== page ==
At the exact same hour in the Capitol on Tuesday, Trump’s lawyers were maintaining that facts were anything but a remedy for the president’s accusers. Jay Sekulow repeated the declaration made by Alan Dershowitz the previous evening–“even if there was a quid pro quo–which we have proved there was notnothing in the Bolton revelations are true, but even if they are true, they would not rise to the level of an impeachable offence.”

If the goalposts move this much at the Super Bowl, it’s going to be damned tough to make an extra point.

“Put yourself in Donald Trump’s shoes,” the defence counsel said, more than once, playing the sympathy card. (“To many people, Donald Trump isn’t a flesh-and-blood human being anymore. Instead, I’m a symbol–of wealth, fame, egotism, greed, and probably several other not-so-nice things,” the misunderstood pacifist sobbed in Time To Get Tough.)

“If partisan impeachment is now the rule of the day,” said Sekulow–and of course it is, and always has been, in Trump’s case–“future presidents will be paralyzed even before they take the oath of office.

“Danger. Danger. Danger.”

As the day ended, and with a vote looming on whether to call Bolton to testify in public, or to give a private deposition, or at least to give every senator an autographed copy of The Room Where It Happens, the two parties were retreating to their respective solitudes.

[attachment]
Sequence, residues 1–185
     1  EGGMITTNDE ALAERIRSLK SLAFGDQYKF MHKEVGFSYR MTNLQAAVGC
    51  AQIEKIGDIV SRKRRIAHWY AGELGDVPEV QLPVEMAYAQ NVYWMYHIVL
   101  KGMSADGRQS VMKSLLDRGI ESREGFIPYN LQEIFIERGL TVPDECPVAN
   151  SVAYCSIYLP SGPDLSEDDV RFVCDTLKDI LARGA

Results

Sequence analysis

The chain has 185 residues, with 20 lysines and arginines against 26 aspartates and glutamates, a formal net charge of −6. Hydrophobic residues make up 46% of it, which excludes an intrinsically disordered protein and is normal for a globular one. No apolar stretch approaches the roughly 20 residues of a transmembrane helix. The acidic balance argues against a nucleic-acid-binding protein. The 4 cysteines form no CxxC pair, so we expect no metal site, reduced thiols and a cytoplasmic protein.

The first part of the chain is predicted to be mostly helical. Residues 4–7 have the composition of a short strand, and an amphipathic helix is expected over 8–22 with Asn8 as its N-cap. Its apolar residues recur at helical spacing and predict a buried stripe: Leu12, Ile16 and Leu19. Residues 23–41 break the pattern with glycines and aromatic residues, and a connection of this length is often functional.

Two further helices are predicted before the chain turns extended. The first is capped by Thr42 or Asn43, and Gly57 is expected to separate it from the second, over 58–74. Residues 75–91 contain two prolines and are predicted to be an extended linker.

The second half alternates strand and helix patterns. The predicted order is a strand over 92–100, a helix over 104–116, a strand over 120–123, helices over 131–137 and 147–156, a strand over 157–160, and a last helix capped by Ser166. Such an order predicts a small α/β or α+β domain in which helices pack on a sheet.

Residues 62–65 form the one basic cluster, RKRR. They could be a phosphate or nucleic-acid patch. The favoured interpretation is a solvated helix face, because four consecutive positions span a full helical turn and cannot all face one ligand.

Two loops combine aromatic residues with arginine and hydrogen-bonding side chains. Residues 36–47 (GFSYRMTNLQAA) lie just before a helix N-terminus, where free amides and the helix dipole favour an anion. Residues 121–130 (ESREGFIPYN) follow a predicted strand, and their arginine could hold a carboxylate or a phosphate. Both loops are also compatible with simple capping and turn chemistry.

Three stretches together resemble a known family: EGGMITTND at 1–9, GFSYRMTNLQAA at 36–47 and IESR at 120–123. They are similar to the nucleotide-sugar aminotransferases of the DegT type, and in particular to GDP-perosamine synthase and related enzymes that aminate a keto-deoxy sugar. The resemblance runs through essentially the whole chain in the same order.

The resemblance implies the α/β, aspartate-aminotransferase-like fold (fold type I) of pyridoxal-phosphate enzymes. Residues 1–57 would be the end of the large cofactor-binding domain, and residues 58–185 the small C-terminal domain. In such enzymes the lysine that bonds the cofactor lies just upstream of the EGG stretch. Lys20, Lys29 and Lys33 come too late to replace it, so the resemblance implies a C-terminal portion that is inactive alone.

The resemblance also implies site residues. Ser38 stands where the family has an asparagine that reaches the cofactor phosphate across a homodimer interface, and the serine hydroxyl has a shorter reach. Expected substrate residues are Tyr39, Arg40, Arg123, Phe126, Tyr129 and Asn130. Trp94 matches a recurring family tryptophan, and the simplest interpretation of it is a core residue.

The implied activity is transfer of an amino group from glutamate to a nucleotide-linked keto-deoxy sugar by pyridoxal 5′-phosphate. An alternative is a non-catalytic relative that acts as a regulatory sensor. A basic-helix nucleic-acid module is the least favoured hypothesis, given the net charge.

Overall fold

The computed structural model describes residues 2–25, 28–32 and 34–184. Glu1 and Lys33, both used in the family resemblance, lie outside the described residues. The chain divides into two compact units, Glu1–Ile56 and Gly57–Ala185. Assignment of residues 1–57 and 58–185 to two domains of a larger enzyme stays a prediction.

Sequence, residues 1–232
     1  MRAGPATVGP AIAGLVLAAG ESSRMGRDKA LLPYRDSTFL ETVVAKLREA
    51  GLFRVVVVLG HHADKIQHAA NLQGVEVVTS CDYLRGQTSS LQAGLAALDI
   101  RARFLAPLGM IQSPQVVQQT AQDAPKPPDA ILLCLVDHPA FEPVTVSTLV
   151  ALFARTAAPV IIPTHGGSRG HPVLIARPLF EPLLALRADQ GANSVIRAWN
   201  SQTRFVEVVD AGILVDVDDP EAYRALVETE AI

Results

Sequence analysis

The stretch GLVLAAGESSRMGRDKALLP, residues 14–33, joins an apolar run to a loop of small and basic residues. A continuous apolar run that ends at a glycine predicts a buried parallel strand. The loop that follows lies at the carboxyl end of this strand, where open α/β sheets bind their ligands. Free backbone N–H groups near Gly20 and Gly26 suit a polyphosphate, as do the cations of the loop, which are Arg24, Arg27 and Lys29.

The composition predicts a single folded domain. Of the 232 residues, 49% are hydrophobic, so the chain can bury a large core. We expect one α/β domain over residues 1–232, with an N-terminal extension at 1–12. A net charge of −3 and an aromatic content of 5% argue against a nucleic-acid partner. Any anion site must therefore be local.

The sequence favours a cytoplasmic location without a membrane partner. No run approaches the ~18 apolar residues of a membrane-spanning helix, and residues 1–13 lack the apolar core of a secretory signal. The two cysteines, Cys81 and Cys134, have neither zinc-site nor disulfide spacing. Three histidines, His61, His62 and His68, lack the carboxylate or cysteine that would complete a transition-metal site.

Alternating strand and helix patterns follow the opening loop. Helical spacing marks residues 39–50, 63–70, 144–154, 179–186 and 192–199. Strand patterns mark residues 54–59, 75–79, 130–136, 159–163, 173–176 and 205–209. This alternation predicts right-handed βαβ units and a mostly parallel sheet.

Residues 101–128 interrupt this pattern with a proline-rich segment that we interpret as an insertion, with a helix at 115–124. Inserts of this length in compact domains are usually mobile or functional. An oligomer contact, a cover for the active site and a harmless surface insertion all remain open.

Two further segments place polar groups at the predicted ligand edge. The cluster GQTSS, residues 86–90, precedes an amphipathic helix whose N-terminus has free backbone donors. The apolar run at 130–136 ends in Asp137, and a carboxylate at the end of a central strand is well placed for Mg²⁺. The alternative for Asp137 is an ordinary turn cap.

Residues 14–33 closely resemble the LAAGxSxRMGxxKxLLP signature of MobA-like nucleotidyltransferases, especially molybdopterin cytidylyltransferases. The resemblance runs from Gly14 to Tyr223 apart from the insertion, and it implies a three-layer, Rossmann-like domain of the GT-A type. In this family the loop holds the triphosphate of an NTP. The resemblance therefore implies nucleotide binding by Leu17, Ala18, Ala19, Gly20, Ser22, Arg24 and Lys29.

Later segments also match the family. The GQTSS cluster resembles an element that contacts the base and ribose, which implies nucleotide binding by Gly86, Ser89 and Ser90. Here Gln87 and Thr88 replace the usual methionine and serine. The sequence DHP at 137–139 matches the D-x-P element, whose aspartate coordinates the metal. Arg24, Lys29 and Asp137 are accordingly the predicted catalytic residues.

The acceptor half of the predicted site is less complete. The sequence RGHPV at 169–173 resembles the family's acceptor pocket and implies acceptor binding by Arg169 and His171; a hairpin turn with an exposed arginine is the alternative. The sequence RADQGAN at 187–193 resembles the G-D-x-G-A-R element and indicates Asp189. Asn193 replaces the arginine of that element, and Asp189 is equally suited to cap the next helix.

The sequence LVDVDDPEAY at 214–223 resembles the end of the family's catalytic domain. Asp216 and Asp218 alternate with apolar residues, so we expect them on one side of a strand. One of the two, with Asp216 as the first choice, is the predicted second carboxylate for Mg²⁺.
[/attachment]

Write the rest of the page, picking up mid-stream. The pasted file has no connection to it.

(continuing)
“Even if Bolton testifies, if the ‘So what’ defence holds and the president is acquitted,” a Maclean’s correspondent asked Chris Murphy, Democrat of Connecticut, during a break in the trial, “does that mean that the House brought you the wrong articles of impeachment?”

“The president is engaged in all sorts of other abuses of power,” Murphy replied. “This is just the most serious one. This isn’t the beginning or even the end of the ways that the president has abused his office. We’re going to find out over the next years and the next decades all sorts of ways that the president used the oval office to benefit himself.”

In other words, even when this is over, it won’t be over. Innocent will mean guilty, and the Resistance will roar again. Trump saw it coming.

“The publicity gradually dehumanizes you,” he wrote, what seems like a lifetime ago. “Reality never seems to get in anyone’s way.